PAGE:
July 31, 2008 — AndrĂ© Kuzniarek, Director of Document and Media Systems

No, not a vow of silence, but rather, some suggestions about how to move documents from Microsoft Word into Mathematica.

A number of us Wolfram Research staffers contributed to our recent Summer School effort by sharing mentoring duties. In my case I worked with Richard Werthamer, a physicist who is publishing a book on the science of casino gambling strategies. His project includes programs verifying his research, and he’s eager to translate them into Mathematica in order to exploit all the new dynamics and plotting features of Version 6. At the same time, he quite naturally wants to move his existing manuscript into Mathematica notebook form to deliver a computable document, combining text and interactive Mathematica content distributable on the Mathematica Player platform.

Richard’s situation is pretty common. He prepared his manuscript with MS Word, and a great new feature delivered in Mathematica 6.0.3 allows for the exchange of MathML on the clipboard with MS Word 2007 straight “out of the box”. In other words, after creating a formula in Word using its new native math typesetting system, simply select the formula, copy, then switch to Mathematica to paste into a notebook.

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July 25, 2008 — Ed Pegg Jr, Editor, Wolfram Demonstrations Project

Here in Champaign-Urbana, where Roger Ebert was raised, I took notice when Disney announced the end of its long relationship with Ebert & Roeper. Disney also announced the replacement critics, Lyons & Mankiewicz. Was there something intentional in that? A quick run on my Mathematica programs returned this anagram:

Lyons + Mankiewicz = Monica Lewinsky + Z

Did Disney do this deliberately?

Words sometimes have hidden meaning. For over 30 years, I’ve been sharing puzzles with Will Shortz. Many of these I’ve found with Mathematica, such as computer user = supreme court, and Will has used them in his weekly NPR puzzle segment. Anagrams have of course been popular for many years. A 1936 tour de force by David Shulman is a sonnet where every line uses the letters of “Washington Crossing the Delaware.” The National Puzzlers League maintains a list of best anagrams. Also, anagrammy.com regularly ranks new anagrams as they are found. Here are some good ones:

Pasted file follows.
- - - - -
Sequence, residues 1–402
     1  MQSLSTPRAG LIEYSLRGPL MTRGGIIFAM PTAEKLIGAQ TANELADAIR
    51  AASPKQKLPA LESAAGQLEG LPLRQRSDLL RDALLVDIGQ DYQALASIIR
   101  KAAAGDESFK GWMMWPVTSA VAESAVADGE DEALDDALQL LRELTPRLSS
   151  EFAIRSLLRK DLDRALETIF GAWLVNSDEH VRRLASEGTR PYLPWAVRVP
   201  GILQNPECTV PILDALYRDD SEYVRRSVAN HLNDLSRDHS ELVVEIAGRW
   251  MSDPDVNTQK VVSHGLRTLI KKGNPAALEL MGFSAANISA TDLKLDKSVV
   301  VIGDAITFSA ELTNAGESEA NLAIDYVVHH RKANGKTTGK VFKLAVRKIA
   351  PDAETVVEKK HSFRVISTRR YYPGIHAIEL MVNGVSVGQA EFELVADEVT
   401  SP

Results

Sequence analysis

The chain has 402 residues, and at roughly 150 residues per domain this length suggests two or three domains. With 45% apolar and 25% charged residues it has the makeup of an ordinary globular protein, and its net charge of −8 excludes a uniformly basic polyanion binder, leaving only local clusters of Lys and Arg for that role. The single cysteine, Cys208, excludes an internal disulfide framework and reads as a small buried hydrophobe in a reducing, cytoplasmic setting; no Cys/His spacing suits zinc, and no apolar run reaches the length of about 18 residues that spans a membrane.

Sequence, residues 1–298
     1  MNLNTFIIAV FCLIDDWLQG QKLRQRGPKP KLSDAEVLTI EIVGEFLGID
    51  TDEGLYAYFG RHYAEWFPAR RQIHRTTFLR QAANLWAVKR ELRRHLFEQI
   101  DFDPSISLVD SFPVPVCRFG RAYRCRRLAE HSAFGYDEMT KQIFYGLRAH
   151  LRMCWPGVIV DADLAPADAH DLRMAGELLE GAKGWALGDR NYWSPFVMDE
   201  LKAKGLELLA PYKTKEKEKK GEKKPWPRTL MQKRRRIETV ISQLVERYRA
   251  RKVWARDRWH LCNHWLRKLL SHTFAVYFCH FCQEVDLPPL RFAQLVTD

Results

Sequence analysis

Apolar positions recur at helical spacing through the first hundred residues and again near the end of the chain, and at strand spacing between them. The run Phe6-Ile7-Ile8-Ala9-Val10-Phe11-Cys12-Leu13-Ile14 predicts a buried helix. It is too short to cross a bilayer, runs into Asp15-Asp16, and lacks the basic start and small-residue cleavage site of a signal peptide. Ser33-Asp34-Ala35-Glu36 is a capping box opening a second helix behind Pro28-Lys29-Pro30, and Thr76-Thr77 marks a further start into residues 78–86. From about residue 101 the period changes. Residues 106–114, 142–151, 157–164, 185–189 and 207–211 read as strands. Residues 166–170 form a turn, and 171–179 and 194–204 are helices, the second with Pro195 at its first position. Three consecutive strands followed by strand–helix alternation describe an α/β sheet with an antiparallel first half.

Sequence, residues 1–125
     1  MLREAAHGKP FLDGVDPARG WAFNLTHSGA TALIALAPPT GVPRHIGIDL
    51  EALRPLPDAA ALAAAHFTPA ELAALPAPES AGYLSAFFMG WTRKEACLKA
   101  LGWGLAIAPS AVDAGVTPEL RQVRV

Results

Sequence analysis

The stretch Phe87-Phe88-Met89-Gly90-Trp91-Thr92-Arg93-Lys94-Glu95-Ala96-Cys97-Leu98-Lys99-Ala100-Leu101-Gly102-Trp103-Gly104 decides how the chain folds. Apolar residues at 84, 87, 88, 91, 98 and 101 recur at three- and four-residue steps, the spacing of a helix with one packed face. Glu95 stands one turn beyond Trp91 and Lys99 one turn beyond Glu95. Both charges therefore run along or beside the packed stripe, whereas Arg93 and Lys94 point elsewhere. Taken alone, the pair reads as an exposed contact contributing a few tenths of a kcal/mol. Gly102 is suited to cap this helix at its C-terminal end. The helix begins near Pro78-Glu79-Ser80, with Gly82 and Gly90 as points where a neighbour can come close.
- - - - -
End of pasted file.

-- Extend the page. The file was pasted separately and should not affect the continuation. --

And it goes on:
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July 8, 2008 — Jessica Paris, Demonstrations Project Administration, Research & Development

As the project coordinator for The Wolfram Demonstrations Project, I’ve seen a lot of new exciting features we’ve been working on come to fruition recently and I want to tell you about them. I hear from a lot of our users, and want to let you know that we are listening to you and working on features that will make communicating your ideas, sharing your work, and learning about Demonstrations even easier. And trust me, even more features are coming!

Here are some of the most recent updates we’ve made to The Wolfram Demonstrations Project.

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July 3, 2008 — Todd Rowland, Academic Director, Wolfram Science and Innovation Initiatives

I am lucky enough to find time to blog again about the NKS Summer School. Every year is different (see last year’s post), but some things remain the same. Everyone is very active: students doing homework and developing their projects, the instructors helping them and giving lectures, and Stephen Wolfram advising students and doing live experiments.

As Yoda said, “Do, or do not. There is no try.” Other sayings appropriate to our task: “Never give up, never surrender,” and “If you fall off a cliff, you might as well try to fly.”

We are always doing something new at the Summer School, often using the latest features of Mathematica, but there is an intrinsic difference this time. We have more students and more instructors than ever before, which makes this brand of intense science even more intense.

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